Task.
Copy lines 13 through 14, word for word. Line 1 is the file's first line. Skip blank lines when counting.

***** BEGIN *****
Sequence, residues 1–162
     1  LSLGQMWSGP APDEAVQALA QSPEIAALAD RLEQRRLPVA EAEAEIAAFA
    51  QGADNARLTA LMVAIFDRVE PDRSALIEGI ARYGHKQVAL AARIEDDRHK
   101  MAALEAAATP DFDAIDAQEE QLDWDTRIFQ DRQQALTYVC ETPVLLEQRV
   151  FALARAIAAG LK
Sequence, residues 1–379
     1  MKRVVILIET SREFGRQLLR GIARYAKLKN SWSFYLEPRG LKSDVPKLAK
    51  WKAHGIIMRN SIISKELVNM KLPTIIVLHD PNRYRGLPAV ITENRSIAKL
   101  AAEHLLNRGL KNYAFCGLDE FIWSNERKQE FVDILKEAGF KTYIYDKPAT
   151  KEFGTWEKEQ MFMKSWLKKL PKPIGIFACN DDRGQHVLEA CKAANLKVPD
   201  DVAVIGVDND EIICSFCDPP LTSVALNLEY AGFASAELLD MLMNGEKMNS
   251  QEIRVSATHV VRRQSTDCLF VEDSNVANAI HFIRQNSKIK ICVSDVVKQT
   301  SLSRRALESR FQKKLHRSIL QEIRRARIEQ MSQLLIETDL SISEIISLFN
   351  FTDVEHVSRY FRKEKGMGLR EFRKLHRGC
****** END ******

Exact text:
   301  SLSRRALESR FQKKLHRSIL QEIRRARIEQ MSQLLIETDL SISEIISLFN
   351  FTDVEHVSRY FRKEKGMGLR EFRKLHRGC